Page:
“I’ve shown the tweets to other auto safety advocates and asked them if they thought I had crossed over any lines,” Shahan said, “and they all agreed that the tweets, while strongly worded, seem appropriate under the circumstances.” Nevertheless, Twitter locked her out. Shahan appealed, and Twitter responded that “Our support team has determined that a violation did take place, and therefore we will not overturn our decision.”
Shahan cannot access Twitter unless she manually removes the tweets, and Twitter would display a message on them saying they were removed “because they violated Twitter’s policies against ‘abusive behavior,’ without anyone being able to see what they were and judge for themselves,” Shahan explained. For a consumer advocate with powerful opponents, having to state on a public forum that she was abusive could be wielded in a way to sap Shahan’s credibility.
But how did Twitter’s support team know about these tweets in the first place?
I asked AutoNation if they flagged the tweets for Twitter. Spokesperson Marc Cannon said he was unaware of the whole situation, and AutoNation had nothing to do with it. “I know Rosemary very well, and quite frankly if I had a problem with Rosemary I’d pick up the phone and call her,” Cannon said. “I don’t need anybody else to help me.” While Cannon said he appreciates Twitter taking down openly hostile and brutal comments from AutoNation customers, he agreed that this policy advocacy didn’t rise to that level.
The decisions Twitter makes about moderation are fairly opaque, from how they sift through millions of tweets and decide which ones to flag, to what due diligence goes into the appeals process, to what distinctions they make between “abusive” content and aggressive advocacy. Twitter did not respond to my questions on these and other issues.
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The situation resembles one that hits substantially closer to home. This week, labor reporter Mike Elk tweeted about a story from the Prospect which featured an interview with Josh Brewer, who is the lead organizer of the unionization effort at an Amazon warehouse in Bessemer, Alabama. Brewer said in the interview that Amazon has been holding “classroom” sessions with workers, and union supporters are singled out in front of the class. Elk supplied a screenshot of that paragraph.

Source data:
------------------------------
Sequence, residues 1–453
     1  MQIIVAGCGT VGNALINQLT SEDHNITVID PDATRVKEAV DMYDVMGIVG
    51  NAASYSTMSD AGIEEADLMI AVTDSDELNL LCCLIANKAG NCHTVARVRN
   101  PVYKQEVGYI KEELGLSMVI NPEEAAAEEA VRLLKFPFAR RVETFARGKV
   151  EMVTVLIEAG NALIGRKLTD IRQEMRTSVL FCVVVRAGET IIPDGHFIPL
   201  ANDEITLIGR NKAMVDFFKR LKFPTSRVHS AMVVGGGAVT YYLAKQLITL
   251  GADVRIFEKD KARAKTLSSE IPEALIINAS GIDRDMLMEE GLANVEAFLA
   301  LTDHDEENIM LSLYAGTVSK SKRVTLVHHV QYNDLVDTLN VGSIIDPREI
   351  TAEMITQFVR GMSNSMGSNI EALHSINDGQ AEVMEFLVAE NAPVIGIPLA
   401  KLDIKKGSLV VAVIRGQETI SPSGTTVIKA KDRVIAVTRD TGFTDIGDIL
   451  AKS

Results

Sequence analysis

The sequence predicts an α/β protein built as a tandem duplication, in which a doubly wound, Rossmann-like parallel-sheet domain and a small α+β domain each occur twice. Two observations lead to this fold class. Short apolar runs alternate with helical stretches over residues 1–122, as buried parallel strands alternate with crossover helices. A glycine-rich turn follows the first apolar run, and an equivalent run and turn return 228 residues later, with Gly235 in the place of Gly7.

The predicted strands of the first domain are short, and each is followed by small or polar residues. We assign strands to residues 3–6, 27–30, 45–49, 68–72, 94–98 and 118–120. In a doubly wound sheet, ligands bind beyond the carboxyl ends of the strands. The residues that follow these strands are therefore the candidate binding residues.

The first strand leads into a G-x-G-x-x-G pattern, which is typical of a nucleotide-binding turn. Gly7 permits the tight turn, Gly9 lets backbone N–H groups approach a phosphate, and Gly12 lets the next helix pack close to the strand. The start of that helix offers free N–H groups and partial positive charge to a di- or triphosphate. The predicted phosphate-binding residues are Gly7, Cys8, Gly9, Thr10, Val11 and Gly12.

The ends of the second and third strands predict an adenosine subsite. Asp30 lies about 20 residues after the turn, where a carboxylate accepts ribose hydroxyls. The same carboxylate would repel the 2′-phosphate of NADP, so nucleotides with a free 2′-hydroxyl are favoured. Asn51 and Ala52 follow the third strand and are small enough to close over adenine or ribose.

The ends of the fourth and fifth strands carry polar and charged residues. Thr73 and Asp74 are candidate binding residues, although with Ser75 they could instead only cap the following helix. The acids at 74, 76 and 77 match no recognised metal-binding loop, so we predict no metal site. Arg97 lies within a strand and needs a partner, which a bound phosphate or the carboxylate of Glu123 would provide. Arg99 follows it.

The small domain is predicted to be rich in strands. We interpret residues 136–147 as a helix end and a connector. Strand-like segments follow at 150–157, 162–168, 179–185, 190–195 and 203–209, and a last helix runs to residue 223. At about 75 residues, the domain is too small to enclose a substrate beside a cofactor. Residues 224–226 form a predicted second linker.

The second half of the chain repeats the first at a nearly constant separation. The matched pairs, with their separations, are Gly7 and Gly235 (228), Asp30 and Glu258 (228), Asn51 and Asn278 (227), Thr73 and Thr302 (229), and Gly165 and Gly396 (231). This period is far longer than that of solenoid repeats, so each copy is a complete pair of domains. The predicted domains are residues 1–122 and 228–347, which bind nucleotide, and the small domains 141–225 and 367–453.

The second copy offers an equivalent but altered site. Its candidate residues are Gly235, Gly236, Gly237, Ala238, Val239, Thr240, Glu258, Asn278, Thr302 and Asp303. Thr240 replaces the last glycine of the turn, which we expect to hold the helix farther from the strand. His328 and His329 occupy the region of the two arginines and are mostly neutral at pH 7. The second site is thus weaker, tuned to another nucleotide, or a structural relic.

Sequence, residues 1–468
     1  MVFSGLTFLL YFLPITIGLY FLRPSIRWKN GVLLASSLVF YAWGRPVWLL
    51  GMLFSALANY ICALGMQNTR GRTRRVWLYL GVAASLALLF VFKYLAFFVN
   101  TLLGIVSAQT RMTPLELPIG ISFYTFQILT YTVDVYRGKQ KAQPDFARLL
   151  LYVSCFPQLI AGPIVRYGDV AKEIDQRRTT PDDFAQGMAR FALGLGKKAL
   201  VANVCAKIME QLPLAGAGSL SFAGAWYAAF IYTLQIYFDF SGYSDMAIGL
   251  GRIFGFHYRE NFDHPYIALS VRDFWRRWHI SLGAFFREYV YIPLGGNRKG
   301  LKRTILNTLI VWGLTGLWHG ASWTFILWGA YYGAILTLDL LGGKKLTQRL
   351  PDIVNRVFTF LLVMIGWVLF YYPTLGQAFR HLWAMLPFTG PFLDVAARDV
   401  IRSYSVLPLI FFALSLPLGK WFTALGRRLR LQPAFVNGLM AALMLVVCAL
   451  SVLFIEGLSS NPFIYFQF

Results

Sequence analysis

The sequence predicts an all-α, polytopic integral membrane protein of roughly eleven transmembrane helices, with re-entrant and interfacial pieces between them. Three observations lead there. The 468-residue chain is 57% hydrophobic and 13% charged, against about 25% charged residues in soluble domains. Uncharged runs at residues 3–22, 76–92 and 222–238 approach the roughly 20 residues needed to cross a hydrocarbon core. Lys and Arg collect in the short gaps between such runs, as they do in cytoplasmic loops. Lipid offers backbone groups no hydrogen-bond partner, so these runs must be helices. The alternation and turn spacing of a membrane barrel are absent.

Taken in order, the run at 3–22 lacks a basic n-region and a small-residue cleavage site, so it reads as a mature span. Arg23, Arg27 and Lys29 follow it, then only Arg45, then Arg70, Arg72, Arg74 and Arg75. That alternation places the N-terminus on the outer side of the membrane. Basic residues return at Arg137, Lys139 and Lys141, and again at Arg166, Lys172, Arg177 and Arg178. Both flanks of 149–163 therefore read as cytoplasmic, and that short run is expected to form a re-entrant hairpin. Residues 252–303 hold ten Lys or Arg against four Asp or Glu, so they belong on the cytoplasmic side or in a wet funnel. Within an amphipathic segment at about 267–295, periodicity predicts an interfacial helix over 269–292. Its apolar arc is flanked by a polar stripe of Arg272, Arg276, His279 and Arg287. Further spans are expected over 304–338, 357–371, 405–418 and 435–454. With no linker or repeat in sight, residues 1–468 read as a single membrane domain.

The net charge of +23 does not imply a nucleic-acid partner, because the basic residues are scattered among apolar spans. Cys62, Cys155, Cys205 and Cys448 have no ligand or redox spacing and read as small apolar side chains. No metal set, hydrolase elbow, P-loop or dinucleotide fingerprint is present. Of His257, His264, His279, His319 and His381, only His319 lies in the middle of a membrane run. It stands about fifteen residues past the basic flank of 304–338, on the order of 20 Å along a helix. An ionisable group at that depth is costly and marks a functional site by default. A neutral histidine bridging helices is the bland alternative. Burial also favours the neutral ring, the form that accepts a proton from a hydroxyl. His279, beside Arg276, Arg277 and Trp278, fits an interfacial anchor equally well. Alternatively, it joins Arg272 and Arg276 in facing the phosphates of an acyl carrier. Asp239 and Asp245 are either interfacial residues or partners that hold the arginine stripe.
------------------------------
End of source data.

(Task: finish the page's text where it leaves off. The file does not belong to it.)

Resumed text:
According to Twitter user @TimothyS, the tweet was initially hidden for containing “suspicious content.” (It can be viewed now.) Steven Greenhouse, the highly regarded labor reporter who conducted the interview for us, has reported on other workers telling him the same story about anti-union meetings. What in the content was suspicious? Twitter again has not responded.
Elk told me that other reporters working on the Amazon union drive story, including for his own Payday Report, have also had tweets flagged as “suspicious.” More Perfect Union, an advocacy media institution, told the Prospect that it had a video of Amazon organizers in Alabama pulled by Twitter after racking up 500,000 page views in a few hours.
In the absence of a response from Twitter, we’re left wondering about their content moderation policies and how they are applied. Even if for every left-leaning news outlet or consumer advocate being flagged there’s some other tweet from the right also being flagged, the way in which this process unfurls may well appear to the user as arbitrary and confusing. But you can certainly see a way that companies could flag posts that put them in an unfavorable light and get Twitter to suppress those comments.
There’s a bigger problem here. Twitter has every right to manage content on its platform. But the platform, and others like Facebook, have become global town squares that are key to the dissemination of information. Moderation in that context is a difficult task, especially for tech companies that have always been so thoroughly uninterested in enforcing terms of service.
We should not be outsourcing speech policies to private companies. And we never should have embraced laissez-faire competition policies that created a situation where a small handful of these companies have become essential communications platforms that are necessary conduits of news and information. Maybe network effects render that impossible; maybe we had no choice other than this narrowing in social media. But we certainly haven’t tried any alternatives to prevent these power dynamics from taking hold.
Instead, we have advocates being silenced for bizarre reasons, news sites—including this news site!—being flagged as “suspicious,” and a completely obscure standard for speech on one of the more critical sites for attention and awareness. It’s a completely inappropriate system with few options for solutions, unless and until we begin to break the dominance of Big Tech.